x Abu Dhabi, UAESaturday 22 July 2017

Patchi confident on supply for Eid despite Dubai warehouse fire

Patchi has brought in supplies from surrounding countries to help meet demand ahead of the busy Eid season after a fire destroyed its Dubai warehouse.

Patchi brought in supplies from Beirut and from Saudi Arabia to ensure it had enough products ahead of Eid, which is one of the company’s busiest periods. Pawan Singh / The National
Patchi brought in supplies from Beirut and from Saudi Arabia to ensure it had enough products ahead of Eid, which is one of the company’s busiest periods. Pawan Singh / The National

Patchi has brought in supplies from surrounding countries to help meet demand ahead of the busy Eid season after a fire destroyed its Dubai warehouse.

The blaze broke out in the company’s chocolate factory in the Al Quoz Industrial Area 2 a week ago. The building’s contents helped the fire to spread quickly and took firefighters an hour and a half to bring under control.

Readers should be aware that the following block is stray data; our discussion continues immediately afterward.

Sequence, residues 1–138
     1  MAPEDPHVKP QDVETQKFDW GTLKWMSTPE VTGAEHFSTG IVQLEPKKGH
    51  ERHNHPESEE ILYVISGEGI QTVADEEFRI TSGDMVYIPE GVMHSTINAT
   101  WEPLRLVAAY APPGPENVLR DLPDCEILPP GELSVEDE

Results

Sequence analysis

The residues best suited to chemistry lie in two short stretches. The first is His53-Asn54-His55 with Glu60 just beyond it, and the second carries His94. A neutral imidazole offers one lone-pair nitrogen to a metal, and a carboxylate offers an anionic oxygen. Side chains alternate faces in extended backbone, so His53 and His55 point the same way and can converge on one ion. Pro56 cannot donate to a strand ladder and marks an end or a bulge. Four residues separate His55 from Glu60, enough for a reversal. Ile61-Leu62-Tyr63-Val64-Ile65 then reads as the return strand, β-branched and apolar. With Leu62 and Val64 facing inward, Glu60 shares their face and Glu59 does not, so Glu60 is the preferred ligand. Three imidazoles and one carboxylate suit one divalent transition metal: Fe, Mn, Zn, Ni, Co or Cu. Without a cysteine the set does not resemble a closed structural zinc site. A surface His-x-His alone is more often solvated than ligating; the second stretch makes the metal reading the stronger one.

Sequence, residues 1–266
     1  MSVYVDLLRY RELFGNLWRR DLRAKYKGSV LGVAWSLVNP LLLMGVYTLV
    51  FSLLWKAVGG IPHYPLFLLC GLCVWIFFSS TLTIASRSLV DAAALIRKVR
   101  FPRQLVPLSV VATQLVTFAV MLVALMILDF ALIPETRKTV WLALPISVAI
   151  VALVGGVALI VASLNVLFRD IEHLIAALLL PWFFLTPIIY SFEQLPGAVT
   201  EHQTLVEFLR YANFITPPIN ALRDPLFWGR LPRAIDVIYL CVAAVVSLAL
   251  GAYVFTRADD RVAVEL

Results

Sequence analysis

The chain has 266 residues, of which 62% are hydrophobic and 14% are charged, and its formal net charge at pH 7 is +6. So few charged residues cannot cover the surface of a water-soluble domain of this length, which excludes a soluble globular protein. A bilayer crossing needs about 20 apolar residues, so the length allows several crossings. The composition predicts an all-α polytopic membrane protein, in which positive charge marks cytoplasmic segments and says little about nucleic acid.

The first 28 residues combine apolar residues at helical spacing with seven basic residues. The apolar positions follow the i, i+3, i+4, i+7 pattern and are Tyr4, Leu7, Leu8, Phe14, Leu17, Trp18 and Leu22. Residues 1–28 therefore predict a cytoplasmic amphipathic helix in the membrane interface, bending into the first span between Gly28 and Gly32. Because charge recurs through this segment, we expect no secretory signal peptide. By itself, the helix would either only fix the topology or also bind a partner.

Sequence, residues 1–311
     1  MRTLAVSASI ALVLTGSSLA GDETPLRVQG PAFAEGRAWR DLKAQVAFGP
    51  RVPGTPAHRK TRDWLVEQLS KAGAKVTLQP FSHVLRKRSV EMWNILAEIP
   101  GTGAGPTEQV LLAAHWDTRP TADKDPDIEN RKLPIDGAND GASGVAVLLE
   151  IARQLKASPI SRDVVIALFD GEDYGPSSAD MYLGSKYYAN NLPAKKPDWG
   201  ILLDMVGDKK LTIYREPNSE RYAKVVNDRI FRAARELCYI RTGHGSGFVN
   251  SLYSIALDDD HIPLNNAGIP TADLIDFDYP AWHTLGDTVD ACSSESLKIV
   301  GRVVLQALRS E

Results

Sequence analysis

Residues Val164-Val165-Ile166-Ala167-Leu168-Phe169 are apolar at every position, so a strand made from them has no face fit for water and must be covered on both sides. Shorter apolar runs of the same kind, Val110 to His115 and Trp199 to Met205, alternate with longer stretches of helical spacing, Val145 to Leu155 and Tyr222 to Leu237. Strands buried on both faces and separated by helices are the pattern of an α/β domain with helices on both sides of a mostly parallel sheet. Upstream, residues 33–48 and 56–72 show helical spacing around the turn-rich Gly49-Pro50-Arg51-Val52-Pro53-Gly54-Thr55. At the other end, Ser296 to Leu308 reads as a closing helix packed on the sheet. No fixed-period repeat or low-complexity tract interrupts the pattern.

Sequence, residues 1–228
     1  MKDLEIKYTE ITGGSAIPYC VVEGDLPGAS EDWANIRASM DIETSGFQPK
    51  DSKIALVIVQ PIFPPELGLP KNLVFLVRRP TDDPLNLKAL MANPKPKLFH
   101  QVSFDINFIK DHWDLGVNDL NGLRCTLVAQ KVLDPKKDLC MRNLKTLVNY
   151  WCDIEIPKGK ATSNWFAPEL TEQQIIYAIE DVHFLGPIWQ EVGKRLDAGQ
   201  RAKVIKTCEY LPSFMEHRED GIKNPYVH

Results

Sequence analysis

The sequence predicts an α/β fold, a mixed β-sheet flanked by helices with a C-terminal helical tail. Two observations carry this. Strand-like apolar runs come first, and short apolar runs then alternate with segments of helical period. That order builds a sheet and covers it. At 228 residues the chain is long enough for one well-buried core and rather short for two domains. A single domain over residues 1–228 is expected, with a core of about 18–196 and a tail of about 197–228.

“We did have a fire and it did affect our warehouses. But it did not affect our supply,” said a spokeswoman for Patchi. “We have factories nearby in the Gulf.”

Patchi brought in supplies from Beirut, its home market, and from Saudi Arabia, to ensure it had enough products ahead of Eid, which is one of the company’s busiest periods.

“I’m not sure of the number but [it] did satisfy the demand. We are OK,” added the spokeswoman.

It is understood that more than 140 staff from across the Middle East and South East Asia work in the Patchi factory. Most of them are believed to have left for the evening by the time the blaze broke out.

The cause of the fire is still not known and Patchi is currently seeking other premises in Dubai.

Patchi was founded in 1974 in Lebanon by Nizar Choucair. It now has more than 140 boutiques in 21 countries, including Armenia and Indonesia. It is believed to be the biggest chocolatier in the Middle East.

In 2008 the company collaborated with Harrods to produce the world’s most expensive box of chocolates. The 49 hand-wrapped chocolates were made from organic cocoa and decorated with either a gold and Swarovski crystal flower or silk rose. The box cost £5,000 (Dh29,763).

According to Euromonitor, the chocolate confectionery market will reach US$292.4 million in 2017 in the UAE, up from $225.7m last year.

It grew 7 per cent last year in value, but the UAE market was still the fourth largest after Saudi Arabia, Egypt and Morocco.

gduncan@thenational.ae